Twenty minutes later, Chris and Aaron were headed back to camp, the truck bed laden with the implements of war. They’d take the back entrance and drop off their cargo in the woods outside the dark elf camp before returning the truck to the staff garage, reapplying their makeup and rejoining the revolution.

As Chris drove the stolen truck back to camp, Wayne met with Aldomar, the head of the Necromancers’ College. The rendezvous occurred behind the First Aid station, with the orc chieftain flanked by armed dark elf bodyguards. Aldo came alone, but they all knew he was far from defenseless.

Aldo affected a shrill old-man voice. “I take a great risk being seen with you, orc. The College moves in shadow.”

“And your influence wanes,” Grimgnash countered. “We have common goals. Since the Council elected new members, your men at the table have become outnumbered. The death cult doesn’t carry policy in Battle Country the way it once did.”

“We are more comfortable when we aren’t an over threat. If the study of undeath teaches us anything, Grimgnash, it is that we must bide our time in patience.” Aldomar gave an uncomfortable cackle as he leaned on his foam boffer staff.

“Or that, regardless of boldness or reserve, the same fate awaits us all. ‘Fate dooms oft the undoomed man when doth his courage fail.’ We need support and manpower, Aldo, but what we need most is zombies.”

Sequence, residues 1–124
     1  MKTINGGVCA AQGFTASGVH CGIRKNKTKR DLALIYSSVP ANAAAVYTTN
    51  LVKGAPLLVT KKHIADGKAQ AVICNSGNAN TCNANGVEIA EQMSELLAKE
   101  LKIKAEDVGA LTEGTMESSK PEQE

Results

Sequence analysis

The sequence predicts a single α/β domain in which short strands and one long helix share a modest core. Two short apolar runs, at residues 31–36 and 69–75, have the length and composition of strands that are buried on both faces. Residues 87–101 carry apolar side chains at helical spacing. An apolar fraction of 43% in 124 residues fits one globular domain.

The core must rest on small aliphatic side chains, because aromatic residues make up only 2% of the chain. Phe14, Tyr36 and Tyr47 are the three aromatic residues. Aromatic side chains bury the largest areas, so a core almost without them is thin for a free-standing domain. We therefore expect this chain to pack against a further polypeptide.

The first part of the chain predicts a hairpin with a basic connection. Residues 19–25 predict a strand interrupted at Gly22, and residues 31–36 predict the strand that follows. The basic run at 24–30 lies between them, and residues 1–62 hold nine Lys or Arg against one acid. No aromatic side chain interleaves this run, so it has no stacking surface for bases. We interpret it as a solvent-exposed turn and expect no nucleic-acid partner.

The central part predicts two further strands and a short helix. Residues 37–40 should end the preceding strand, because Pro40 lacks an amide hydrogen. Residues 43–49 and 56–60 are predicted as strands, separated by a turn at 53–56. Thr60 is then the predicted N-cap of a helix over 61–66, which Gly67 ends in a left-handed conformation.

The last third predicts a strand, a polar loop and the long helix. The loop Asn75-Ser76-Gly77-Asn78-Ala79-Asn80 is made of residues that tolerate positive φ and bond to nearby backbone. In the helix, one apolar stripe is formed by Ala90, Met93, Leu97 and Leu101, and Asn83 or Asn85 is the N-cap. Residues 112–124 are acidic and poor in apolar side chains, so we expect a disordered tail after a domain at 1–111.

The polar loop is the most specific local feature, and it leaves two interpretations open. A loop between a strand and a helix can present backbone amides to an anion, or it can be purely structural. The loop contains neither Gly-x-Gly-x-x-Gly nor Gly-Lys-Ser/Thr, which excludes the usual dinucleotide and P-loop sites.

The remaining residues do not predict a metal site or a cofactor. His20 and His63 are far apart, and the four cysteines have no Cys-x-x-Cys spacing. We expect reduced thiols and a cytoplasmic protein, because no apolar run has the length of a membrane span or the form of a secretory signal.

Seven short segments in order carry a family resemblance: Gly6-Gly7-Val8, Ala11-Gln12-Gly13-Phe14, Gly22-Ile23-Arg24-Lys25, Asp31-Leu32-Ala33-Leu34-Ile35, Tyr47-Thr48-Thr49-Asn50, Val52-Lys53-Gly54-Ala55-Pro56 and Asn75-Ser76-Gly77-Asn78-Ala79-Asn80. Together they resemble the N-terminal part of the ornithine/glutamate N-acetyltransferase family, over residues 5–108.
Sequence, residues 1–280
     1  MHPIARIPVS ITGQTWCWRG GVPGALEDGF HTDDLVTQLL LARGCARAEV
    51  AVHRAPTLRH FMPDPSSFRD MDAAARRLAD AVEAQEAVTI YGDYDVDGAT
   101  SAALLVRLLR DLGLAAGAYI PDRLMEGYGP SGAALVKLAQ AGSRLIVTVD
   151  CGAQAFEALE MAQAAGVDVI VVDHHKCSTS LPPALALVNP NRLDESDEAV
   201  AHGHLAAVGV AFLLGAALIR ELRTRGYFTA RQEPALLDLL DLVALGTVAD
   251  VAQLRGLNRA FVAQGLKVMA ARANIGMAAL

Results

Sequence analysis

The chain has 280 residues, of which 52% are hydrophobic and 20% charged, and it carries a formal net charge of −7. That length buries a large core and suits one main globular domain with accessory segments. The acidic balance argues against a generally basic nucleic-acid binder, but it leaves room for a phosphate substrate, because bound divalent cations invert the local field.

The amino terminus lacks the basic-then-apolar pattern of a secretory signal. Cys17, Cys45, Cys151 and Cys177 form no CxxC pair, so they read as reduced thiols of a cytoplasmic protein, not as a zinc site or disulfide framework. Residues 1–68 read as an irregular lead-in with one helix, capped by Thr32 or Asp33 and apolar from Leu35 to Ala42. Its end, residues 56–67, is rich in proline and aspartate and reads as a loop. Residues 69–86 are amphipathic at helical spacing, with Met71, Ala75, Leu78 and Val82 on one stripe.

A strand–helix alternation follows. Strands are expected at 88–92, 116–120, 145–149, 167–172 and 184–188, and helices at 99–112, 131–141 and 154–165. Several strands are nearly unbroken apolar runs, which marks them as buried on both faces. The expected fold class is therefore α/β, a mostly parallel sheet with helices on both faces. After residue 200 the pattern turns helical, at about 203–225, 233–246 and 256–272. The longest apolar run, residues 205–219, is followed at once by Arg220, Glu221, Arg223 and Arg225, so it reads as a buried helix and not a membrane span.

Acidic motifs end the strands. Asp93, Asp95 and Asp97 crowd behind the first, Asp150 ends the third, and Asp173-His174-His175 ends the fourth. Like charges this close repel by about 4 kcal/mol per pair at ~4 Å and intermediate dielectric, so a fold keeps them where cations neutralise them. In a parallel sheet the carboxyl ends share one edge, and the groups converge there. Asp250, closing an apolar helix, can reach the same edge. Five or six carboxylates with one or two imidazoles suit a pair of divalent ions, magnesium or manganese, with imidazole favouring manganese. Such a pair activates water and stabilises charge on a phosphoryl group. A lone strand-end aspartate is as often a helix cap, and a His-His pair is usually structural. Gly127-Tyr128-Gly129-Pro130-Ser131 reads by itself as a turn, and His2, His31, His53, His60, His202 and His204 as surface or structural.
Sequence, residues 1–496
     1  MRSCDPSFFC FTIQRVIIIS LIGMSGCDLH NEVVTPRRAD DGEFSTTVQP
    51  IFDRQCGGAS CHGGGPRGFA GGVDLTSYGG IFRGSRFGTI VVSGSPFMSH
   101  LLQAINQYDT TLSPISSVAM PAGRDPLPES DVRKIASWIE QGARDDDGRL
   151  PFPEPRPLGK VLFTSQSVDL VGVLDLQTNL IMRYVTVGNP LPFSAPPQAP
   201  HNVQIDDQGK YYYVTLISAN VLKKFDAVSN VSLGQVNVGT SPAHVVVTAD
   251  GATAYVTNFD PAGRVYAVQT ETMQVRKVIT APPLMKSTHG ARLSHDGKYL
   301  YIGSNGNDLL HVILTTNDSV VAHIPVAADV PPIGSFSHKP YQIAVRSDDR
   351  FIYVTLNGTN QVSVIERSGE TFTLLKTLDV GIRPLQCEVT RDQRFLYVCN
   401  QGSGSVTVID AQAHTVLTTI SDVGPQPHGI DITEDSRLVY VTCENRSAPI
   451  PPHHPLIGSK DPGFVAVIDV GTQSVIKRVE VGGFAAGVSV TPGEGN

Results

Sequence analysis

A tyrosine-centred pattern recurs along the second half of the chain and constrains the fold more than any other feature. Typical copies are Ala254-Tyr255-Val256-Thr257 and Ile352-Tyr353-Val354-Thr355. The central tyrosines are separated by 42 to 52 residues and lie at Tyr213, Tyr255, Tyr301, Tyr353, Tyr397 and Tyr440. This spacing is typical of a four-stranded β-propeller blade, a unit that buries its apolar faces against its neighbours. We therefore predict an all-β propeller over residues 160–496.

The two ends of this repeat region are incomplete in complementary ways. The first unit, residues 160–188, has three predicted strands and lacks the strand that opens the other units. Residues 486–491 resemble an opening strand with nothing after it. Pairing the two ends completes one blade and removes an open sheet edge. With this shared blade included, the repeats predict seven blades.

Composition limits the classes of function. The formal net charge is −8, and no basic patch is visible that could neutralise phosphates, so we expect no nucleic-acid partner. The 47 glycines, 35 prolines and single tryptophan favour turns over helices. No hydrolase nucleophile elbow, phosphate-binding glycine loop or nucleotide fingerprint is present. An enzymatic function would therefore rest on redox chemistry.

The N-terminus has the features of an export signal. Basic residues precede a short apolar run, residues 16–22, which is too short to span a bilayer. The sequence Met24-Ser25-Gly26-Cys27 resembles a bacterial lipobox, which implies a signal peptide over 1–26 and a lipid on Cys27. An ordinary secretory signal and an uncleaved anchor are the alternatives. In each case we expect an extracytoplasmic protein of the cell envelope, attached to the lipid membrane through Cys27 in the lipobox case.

The necromancer looked hesitant beneath his fake, crooked nose. Aldomar pondered. Wayne was sure it was the “Beowulf” quote that had put him over the edge. “I will not,” the magus finally said, “commit my forces to a hasty ambush. Prove to me that you have a real plan this time.”

Wayne told him the plan and the two villains shook hands. By midafternoon, he had struck alliances with the dark elves, the necromancers, the thieves’ guild, the gnomes and a company of dwarven mercenaries who had no common cause with the orcs, but simply admired Wayne’s audacity. Hidden from scouts in the deep woods, the orcs assembled their new arsenal in secret.


Father Sukor was the Count’s chosen emissary to the orcs. Darren knew he had to send someone important, or the enemy would be insulted, but he also knew he could not waste a skilled warrior. Tom Courts, who had always played healers and was well-liked by most of the player community, was the ideal choice. And nobody targeted the healers or singled them out; it wasn’t illegal, but it was gauche.